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October 2019 Source Guide
Places: School of Life in the Blue Ridge Mountains
The Misunderstood “Bible” Box
No period person ever called a bible box that. At first they were “desks,“ and as the writing desk evolved, simple boxes were regarded as exactly that. We trace the history of both the language and the objects through the centuries.
Building on the Past
Priscilla Pultz knew exactly what she wanted in a period home, so she decided to build one after studying museum homes and their decor. With her late husband, Albert, she raised a family of seven in her colonial-style masterpiece in Skaneateles, New York.
Make a Gardener’s Potpourri
Through the centuries people have loved the scent of sweet spices and pungent botanicals in their homes. Two herbalist-florists with decades of experience show how you can blend your favorite aromas to create your personal potpourri.
For the Love of a House
Peter Cyr fell in love with Maine’s 1817 Blazo-Leavitt House at first glance, but fifty years passed before he had the chance to buy it. Once he did, he turned it into a showplace for his collection of period antiques as befitted the
home’s original grandeur.
Pennsylvania German Folk Art Finds a New Home
Pennsylvanians of German heritage are noted for turning everyday objects—chests, furniture, even documents—into works of folk art. The new Center for Pennsylvania German Studies in a former Montgomery County tavern shows the full range of distinctive styles among these folk artists.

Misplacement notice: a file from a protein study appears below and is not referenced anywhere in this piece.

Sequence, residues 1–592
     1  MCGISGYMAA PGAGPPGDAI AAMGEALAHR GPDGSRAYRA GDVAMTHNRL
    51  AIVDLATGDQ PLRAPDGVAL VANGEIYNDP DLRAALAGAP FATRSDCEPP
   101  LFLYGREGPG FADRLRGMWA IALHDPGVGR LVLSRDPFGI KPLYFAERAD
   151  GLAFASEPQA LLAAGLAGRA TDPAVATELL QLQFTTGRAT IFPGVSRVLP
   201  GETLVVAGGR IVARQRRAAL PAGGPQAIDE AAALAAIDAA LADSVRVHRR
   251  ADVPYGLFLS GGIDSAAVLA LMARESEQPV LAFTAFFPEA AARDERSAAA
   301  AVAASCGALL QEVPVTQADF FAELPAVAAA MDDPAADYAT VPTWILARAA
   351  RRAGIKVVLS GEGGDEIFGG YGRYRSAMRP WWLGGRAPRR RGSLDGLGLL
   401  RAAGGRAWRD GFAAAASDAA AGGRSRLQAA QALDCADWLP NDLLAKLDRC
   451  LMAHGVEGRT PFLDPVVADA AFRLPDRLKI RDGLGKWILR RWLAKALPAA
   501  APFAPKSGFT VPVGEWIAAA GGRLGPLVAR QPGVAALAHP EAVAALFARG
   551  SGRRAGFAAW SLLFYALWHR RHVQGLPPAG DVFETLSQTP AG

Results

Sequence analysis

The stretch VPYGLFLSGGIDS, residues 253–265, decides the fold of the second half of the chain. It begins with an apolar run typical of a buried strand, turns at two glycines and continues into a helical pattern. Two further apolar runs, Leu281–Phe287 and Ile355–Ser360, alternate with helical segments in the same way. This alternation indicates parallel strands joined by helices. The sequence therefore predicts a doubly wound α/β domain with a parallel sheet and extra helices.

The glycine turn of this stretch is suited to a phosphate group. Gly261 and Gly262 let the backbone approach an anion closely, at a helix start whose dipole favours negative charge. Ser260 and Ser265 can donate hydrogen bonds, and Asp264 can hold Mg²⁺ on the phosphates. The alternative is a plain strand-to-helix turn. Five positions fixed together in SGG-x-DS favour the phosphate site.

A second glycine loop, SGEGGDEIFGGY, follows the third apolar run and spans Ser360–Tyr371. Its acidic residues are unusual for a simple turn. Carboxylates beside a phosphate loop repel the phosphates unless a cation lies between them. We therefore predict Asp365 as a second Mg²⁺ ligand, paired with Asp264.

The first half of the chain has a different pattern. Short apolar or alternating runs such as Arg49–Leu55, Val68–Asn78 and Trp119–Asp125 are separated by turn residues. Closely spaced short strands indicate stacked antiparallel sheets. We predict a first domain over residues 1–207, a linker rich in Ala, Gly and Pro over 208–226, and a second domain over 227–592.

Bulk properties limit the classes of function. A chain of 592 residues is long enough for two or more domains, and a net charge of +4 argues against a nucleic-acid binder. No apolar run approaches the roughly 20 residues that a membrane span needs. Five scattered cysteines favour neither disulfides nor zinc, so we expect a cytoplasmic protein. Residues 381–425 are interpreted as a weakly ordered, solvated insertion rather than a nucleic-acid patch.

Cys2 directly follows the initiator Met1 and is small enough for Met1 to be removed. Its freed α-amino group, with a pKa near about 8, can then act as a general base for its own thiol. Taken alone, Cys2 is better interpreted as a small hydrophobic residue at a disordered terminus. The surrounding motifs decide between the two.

Stories in the Warner House
One of the earliest urban brick houses in New England, the 1718 Warner House in Portsmouth, New Hampshire, has been a museum since 1930. Recent updates have brought new life to its spectacular murals, colorful woodwork, and range of period styles.
Pirates, to Arms!
Most pirates preferred fear to fighting—they would rather frighten ships’ crews into giving up their valuable cargo, but they would attack when they had to. Pirates used any weapon at hand, but the cutlass and musketoon were particularly suited to close-quarters fighting.
America’s Silk Quilt Craze
America once had a thriving silk industry, successful enough that silk became affordable enough for factory girls to stitch it into Sunday dresses or showpiece quilts, many with crazy designs. The National Museum of American History puts its best examples on display.
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